This season, two trends are dominating fall decor: velvet pumpkins and upcycled styrofoam pumpkins from the dollar store. I’ve put my First Day of Home spin on the dollar store pumpkin craze, too! Today, I’ll show you exactly how to upcycle plain pumpkins with paint and decoupage.
Now, let’s get started with these DIY projects!
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Supplies for Painted Foam Pumpkins
For this project, you’ll need just a few basic supplies. This is a great opportunity to reuse existing paint colors!
- Foam pumpkins (Where to buy: Dollar Tree or other dollar store)
- Acrylic paints, chalk paint or latex paint in your desired color. I found that this chalk paint from FolkArt worked well as a primer coat.
- Paint brushes (foam brush or bristle brush)
- Natural wood for stems (optional)
- Kitchen sponge (optional)
- Decorative ribbon or fabric (optional)
Steps for Painted Foam Pumpkin
Step 1: Prime the faux pumpkin with a base coat of paint
Before painting the pumpkins in your desired color, remove all foam stems. Then, apply 1-2 coats of thick chalk paint or another light-colored paint.
(This helps disguise the original orange color of the pumpkins.)
Step 2: Paint pumpkins in desired color
You can play with several colors to lighten or darken your paints until you find a tone that you like.
The chalk paint from the first step can also help lighten other colors as needed. I chose light teal and rust colors to coordinate with my living room decor.
For best results, wait about two hours in between coats of paint.
Step 3: Apply metallic paint or darker color accent to pumpkins
As a final touch, you can use a sponge or brush to apply accent paint onto the pumpkins.
In my case, adding gold metallic paint gave the pumpkins more depth and texture. Since I decided to paint a few other dollar store gourds in gold paint, the collection hung together nicely.
Step 4: Prepare stems of pumpkins
For stems, I collected twigs from our local community park. You can use any type of stem that strikes your fancy.
If you choose to use wooden stems, place the stems in the oven at a low temperature (200 degrees or so) to dry them out and get rid of any small critters. Once the stems are sufficiently toasted, you can gently insert them into your pumpkins.
Did you know you can also keep real pumpkin stems for future craft projects? Just make sure you remove all raw pumpkin flesh, and store the stems in a dry place for several weeks.
Check out these other related posts!
Supplies for Decoupage Pumpkin
You’ll need only a few ingredients to make decoupage pumpkins. As always, feel free to add other adornments, like ribbon, beads or raffia, if desired.
Steps for Decoupage Pumpkins
Step 1: Apply base coat of paint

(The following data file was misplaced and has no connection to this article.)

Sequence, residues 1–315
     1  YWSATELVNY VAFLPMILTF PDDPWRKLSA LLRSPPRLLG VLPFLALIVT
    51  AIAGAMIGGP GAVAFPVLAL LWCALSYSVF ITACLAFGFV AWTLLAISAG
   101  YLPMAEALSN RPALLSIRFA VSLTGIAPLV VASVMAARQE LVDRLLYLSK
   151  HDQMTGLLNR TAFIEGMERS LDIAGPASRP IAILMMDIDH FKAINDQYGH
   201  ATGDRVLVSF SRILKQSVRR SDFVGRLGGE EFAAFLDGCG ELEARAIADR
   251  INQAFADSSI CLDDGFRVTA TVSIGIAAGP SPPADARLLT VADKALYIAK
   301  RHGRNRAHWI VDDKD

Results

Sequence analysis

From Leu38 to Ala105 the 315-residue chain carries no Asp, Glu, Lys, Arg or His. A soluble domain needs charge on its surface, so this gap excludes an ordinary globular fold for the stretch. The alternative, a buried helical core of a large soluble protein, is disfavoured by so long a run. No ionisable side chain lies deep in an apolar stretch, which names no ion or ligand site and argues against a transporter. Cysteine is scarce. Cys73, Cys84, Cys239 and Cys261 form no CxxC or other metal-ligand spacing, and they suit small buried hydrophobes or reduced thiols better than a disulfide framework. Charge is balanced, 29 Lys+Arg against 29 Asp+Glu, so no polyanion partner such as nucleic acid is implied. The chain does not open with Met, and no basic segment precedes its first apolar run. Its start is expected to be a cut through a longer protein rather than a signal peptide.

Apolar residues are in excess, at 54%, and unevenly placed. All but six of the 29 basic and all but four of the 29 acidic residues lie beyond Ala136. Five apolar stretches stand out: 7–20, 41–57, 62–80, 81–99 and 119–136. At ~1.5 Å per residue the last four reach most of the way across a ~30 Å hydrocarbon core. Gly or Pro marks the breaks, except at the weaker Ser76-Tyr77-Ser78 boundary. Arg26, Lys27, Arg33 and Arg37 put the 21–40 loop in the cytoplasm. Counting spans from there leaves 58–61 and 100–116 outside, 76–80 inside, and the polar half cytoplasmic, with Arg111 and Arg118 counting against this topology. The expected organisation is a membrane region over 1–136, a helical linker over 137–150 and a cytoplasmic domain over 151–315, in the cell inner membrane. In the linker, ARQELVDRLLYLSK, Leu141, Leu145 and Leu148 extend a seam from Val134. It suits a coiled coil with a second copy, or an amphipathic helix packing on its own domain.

Before applying the first layer of Mod Podge, coat the foam pumpkin in paint, just like in step 1 above for the painted pumpkins.
Step 2: Tear scrapbook paper into small pieces
Create small strips of paper that will easily bend and curve around the foam pumpkins. The thicker the scrapbook paper, the smaller you will want your strips for the decoupage pumpkin.
Step 3: Apply glue to pumpkin, then seal
Apply Mod Podge to a small section of the painted pumpkin, and then place strips of paper to cover. After placing each strip, apply Mod Podge again to seal the strip in place.
Continue to decoupage until you have covered half of the pumpkin. Then, allow the pumpkin to dry before continuing to decoupage the rest.
Final Look at Upcycled Foam Pumpkins
You can add whatever bling you like to your upcycled pumpkins. I found an adorable set of mini wooden fall leaves that I placed at the base of my stems. Try adding these to your Halloween decor next to jack-o’-lanterns or plain white pumpkins.
Looking for more decoupage projects? Check out my full tutorial for how to decoupage on wood!
Here are a few more views of both the painted pumpkin and decoupage pumpkin on display by my fireplace.
Do you have plans to upcycle some ugly pumpkins with paint or decoupage this year? Tell me about it in the comments below!
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- Foam pumpkin
- Acrylic paint or chalk paint in 1 light color for primer coat and 1 desired color for top coat
- Gold/metallic colored paint for highlights (optional)
- Natural wood stem or faux pumpkin stem
- Kitchen sponge
- Decorative ribbon (optional)
- Paint brush
- Prime the pumpkin by painting 1-2 coats of white or light-colored paint. Let dry 1-2 hours.
- Apply top coat of paint and let dry.
- Wet part of the sponge, pat dry and then dip it into gold/metallic paint. Dab off excess paint and then pounce the sponge onto the pumpkin. This gives a soft highlighted effect to the pumpkin.
- After pumpkin is completely dry, insert ribbon (optional) and stem into center of pumpkin.
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- Foam pumpkin
- Acrylic paint (optional)
- Scrapbook paper
- Mod Podge
- Sticks or faux pumpkin stems
- Paint brush
- Remove the original pumpkin stem, and apply base coat of paint to completely cover the pumpkin (optional). Let dry.
- Tear scrapbook paper into small 1-2 inch squares.
- Apply decoupage glue to pumpkin, then layer on the pieces of paper in overlapping pattern. Cover half the pumpkin with paper strips, then apply a top coat of Mod Podge and let dry 15-20 minutes before finishing the remainder.
- Insert a stick or faux stem in the center of pumpkin.
You may need to adjust the size of your paper strips depending on the size and curves of your pumpkin. Curvier pumpkins might require smaller strips to form to the shape evenly.